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Yamaha RX-A860 AVENTAGE Measurements and Analysis

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All measurements were conducted using our Audio Precision APx585 8 Channel HDMI Audio Analyzer.  The Yamaha RX-A860 was defaulted to high impedance mode (8-ohms or more), which is the setting we recommend using regardless of your loudspeakers’ impedance rating if you are concerned about achieving maximum output power and performance from this unit.

See:  Setting the A/V Receiver Impedance Switch

For more information about how we measure power amplifiers, please check out:

Basic Amplifier Measurement Techniques

Yamaha RX-A860 Preamplifier Measurements

In the past some Yamaha AV receivers had weak output drivers in their preamp outputs where they didn't supply enough voltage to hit the magic 2Vrms, which is what most power amplifiers need to achieve full rated power.  Sadly, it looks like Yamaha has taken a step backwards with the RX-A860.  At 1.9Vrms output, the receiver shut down.  When I checked at a slightly lower output (1.6Vrms), I noticed a pretty nasty FFT distortion profile.  There simply is NO excuse for this in a day and age when opamps are cheap and supply voltage is plentiful. 

Yamaha RX-A860 FFT @ 1.6Vrms.jpg 

Yamaha RX-A860 Preamp Out FFT Distortion Analysis @ 1.6Vrms

  Yamaha RX-A860 FFT @ 1Vrms.jpg

Yamaha RX-A860 Preamp Out FFT Distortion Analysis @ 1Vrms

At 1Vrms, the output looks much cleaner.  If you're planning on using external amplification with the RX-A860, look for a power amplifier with a relatively high voltage gain (29dB or greater) so that it can achieve full rated power below where the preamp outputs of the RX-A860 starts clipping.  For example, a 200-watt amplifier with a voltage gain of 29dB will reach its rated power at around 1.4Vrms.

Yamaha RX-A860 Pure Direct.JPG 

Yamaha RX-A860 Frequency Response - Pure Direct 

Frequency Response was ruler flat from 20Hz to 20kHz with about -1dB at 10Hz and 80kHz.

Yamaha RX-A860 Straight mode.JPG 

Yamaha RX-A860 Frequency Response - Straight Mode 

While many AV receivers downsample to 44kHz with the DSP engaged, the RX-A860 actually appears to have 2X that sampling rate as can be seen by the flat frequency response out to 44kHz (1/2 Nyquist frequency).  Kudos to Yamaha for employing some heavy DSP processing to keep the digital signals as unadulterated as possible.  This is unusual for an AV receiver of this price class.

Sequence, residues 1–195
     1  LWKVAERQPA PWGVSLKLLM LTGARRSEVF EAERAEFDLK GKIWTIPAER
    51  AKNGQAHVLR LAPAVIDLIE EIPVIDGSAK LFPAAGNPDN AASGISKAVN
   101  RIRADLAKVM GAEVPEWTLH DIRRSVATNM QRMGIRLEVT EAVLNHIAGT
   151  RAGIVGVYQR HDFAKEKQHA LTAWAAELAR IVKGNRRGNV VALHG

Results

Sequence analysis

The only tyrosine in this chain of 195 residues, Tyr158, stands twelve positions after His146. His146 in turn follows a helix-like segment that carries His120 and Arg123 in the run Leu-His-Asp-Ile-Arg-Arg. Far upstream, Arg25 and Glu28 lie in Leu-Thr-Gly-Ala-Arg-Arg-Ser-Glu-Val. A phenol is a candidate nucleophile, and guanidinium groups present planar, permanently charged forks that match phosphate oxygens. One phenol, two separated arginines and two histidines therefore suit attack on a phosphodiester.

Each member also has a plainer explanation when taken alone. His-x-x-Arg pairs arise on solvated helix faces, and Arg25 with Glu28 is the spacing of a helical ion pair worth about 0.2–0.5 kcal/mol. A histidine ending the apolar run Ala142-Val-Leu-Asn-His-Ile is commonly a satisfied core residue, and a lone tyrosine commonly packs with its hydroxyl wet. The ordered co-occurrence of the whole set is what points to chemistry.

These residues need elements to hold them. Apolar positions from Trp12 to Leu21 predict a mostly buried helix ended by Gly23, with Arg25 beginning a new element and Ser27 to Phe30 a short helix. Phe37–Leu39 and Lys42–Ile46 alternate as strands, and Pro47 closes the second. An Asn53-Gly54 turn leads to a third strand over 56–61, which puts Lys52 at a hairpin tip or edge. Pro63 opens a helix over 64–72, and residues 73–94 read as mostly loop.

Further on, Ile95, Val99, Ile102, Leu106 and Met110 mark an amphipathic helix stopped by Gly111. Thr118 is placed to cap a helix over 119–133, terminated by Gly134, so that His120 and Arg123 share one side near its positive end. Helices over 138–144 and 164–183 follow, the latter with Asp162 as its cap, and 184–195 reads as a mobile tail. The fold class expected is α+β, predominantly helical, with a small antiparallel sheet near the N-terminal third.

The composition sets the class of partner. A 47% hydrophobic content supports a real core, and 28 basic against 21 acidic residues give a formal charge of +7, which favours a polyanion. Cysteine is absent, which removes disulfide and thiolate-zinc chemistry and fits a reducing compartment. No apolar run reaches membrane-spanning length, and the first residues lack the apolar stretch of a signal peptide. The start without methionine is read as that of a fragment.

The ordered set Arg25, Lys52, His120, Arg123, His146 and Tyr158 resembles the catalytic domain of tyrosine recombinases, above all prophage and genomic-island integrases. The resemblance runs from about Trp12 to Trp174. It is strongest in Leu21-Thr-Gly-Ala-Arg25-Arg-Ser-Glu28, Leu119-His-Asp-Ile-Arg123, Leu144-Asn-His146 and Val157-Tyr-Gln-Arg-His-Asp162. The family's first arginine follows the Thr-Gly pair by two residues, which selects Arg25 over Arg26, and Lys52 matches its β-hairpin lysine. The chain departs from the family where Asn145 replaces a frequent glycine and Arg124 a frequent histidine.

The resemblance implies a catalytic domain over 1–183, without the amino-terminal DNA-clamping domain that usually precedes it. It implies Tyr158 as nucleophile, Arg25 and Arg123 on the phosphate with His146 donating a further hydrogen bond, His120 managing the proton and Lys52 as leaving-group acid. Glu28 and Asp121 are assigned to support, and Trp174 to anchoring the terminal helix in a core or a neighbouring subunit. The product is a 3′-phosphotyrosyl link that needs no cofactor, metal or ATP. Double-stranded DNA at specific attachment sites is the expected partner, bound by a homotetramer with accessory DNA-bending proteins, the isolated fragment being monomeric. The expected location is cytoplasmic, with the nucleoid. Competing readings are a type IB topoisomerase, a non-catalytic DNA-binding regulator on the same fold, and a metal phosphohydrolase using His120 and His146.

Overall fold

Power Measurements

Using our Audio Precision APx585 8-channel HDMI analyzer, we conducted a full barrage of multi-channel amplifier tests on Yamaha RX-A860 per our Amplifier Measurement Protocol. We tested power using three methods all of which were taken at < 0.1% THD + N:

  • Continuous Full Power Bandwidth (CFP-BW) from 20Hz to 20Khz into 8 and 4-ohm loads (up to two-channels)

  • 1kHz Power Sweep vs Distortion (1kHz PSweep) - popularized by the print magazines, this is an instantaneous power vs. distortion test at 1kHz. The problem with this test is it often masks slew-related and or frequency response problems some amplifiers exhibit at the frequency extremes, and thus inflates the measured power results. It does provide an instant gratification # for consumers to argue over on the forums so we are now incorporating this test to please the masses.

  • Dynamic PWR - 1kHz CEA-2006 Burst Method testing. This is a dynamic power measurement adopted from the car industry similar to IHF method only a bit more difficult for an amplifier and more representative of real musical content.

Keep in mind most review publications don't do continuous power measurements and they usually publish power measurements into clipping at 1% THD + N. Our measurements are very conservative as we use a dedicated 20A line with no Variac to regulate line voltage.  We constantly monitor the line to ensure it never drops more than 2Vrms from nominal, which in our case was 120Vrms. 

For more info on amplifier measurements, see:  The All Channels Driven (ACD) Test

# of CH Test Type Power Load THD + N
2 CFP-BW 100 watts 8-ohms 0.1%
2 1kHz Psweep 127 watts 8-ohms 0.1%
2 1kHz Psweep 132 watts 8-ohms 1%
1 1kHz Psweep 163 watts 4-ohms 0.1%
1 1kHz Psweep 182 watts 4-ohms 1%
5 1kHz Psweep 35 watts 8-ohms 0.1%
5 1kHz Psweep 37 watts 8-ohms 1%
1 Dynamic PWR 174 watts 8-ohms 1%
5 Dynamic PWR 139 watts 8-ohms 1%
2 Dynamic PWR 255 watts 4-ohms 1%

     Yamaha RX-A860 Power Measurement Table

 

Yamaha RX-A860 Frequency Response _100wpc (pure direct).JPG

Yamaha RX-A860 CFP-BW (2CH) Power Test - 8 ohms

With two channels driven, the RX-A860 delivered its rated 100 watts/ch power for full bandwidth 20Hz to 20kHz.

Yamaha RX-A860 1kHz Psweep-5CH.JPG

Yamaha RX-A860 1kHz ACD (5CH) Power Test - 8 ohms